Cloudy Skies for Solar Incentives in the Bay State


| 9/12/2017 9:41:00 AM


Tags: solar panels, solar incentives, Massachusetts, Ryan Willemsen,

Solar_panels_on_house_roof

Massachusetts’ new SMART program will lower incentives for new rooftop solar installations.

The Bay State has had its share of successes in the solar sector. First, a goal of 250 megawatts (MW) of solar was met in 2012, four years early. Now, Massachusetts has surpassed its most ambitious goal for solar energy three years ahead of schedule. The state reached 1,600 MW of installed solar energy capacity, enough to power over 260,000 homes. This achievement marks the success of initiatives lead by former Governor Deval Patrick, and continued by Governor Charlie Baker. Upon taking office in 2007, the former governor outlined a series of challenging goals for the state that at the time had only 3 MW of solar, not even enough to power a small town. The Massachusetts Department of Energy Resources (DOER) has finalized plans for the next generation of solar goals and incentives. Highlights have been the announcement of the eventual elimination of the Solar Renewable Energy Credit (SREC), and the unveiling of the next-generation comprehensive program, the Solar Massachusetts Renewable Target (SMART). While the past decade has seen a focus on providing optimal incentives for homeowners who go solar, it’s becoming clear that the next era of solar in Massachusetts will provide more benefits to large-scale utilities.

The successes of the past decade have been attributed to rebates, utility requirements and especially the generous SREC program. Net metering has paid solar homeowners thousands of dollars for excess electricity production that has supplied the grid with clean energy. The SREC program allows homeowners to sell commodities generated from their clean energy production to utilities looking to meet renewable energy standards. The value of these credits fluctuates based on market conditions. It has been a win for homeowners, with credits earning well over $1,000 per year for the typical solar residence.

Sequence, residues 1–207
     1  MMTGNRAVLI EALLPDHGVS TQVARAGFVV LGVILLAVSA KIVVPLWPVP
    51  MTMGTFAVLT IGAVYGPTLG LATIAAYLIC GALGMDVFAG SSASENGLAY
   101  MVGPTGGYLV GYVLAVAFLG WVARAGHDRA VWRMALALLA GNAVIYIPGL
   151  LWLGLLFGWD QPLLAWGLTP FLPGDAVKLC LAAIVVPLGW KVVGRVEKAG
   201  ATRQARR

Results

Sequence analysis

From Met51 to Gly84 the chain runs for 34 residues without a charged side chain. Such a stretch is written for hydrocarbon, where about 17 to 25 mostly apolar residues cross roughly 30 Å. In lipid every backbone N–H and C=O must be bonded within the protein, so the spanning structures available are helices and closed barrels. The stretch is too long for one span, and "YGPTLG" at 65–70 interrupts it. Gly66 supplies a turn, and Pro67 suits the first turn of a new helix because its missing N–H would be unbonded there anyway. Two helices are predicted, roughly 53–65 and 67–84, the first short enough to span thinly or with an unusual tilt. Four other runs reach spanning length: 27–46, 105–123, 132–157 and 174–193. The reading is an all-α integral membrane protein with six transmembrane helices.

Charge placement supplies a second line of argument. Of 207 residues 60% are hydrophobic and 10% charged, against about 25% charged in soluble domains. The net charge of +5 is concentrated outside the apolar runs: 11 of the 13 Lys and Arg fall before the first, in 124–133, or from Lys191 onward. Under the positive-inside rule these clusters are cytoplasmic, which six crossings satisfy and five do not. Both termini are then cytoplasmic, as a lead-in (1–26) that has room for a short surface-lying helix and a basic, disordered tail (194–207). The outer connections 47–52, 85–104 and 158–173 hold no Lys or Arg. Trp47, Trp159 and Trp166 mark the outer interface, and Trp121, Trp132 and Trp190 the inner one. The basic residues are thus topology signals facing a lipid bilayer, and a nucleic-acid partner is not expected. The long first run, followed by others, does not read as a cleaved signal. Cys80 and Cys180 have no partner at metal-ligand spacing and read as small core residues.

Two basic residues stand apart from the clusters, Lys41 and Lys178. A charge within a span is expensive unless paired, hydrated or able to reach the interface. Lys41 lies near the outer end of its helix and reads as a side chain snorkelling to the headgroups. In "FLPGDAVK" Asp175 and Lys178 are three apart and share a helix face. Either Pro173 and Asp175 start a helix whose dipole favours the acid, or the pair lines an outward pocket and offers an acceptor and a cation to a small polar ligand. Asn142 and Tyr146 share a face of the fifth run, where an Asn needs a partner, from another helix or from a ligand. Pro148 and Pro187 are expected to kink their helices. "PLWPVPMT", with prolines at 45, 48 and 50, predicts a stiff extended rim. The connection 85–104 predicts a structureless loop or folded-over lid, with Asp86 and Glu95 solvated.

Utility-scale solar has flourished, launching the state to 7th in the nation for total solar capacity. Roughly 15,000 jobs have been created in Massachusetts. Talk of doing away with SREC has put both the solar industry and prospective homeowners on edge. The consensus is that if DOER is doing away with popular incentives, they better replace them with something at least as generous if solar growth is to continue. Unfortunately, it doesn’t look like that happened.

The headline from the debut of SMART is a call for doubling the installed capacity of solar in Massachusetts by adding 1,600 MW. That should be no problem given the record-low costs of photovoltaic equipment, installation and wholesale electricity prices at utility auctions. It appears that the overarching goal of the new SMART program is to provide long-term revenue certainty for utilities. For homeowners with rooftop solar, there’s no reason to worry. Options for future installers are undoubtedly less generous, but incentives will remain to a lesser extent. If you are already in either SREC I or SREC II, nothing changes and you will remain in the program for the remainder of your ten-year term. Starting in 2018, SREC will end for new installations. The incentives of the SMART program will immediately replace SREC for new installations only. Net metering will remain an option, along with the new option of on-bill crediting. According to Mark Durrenberger of The Energy Miser, the SMART program reduces cash incentives over ten years by about 45%. Acting fast to go solar makes all the difference now. Homeowners are likely to collect roughly $8,000 more in cash incentives if they go through with a qualifying home solar installation before March 31, 2018. Starting in April 2018, the SMART program will be the only option, and SREC will be gone.




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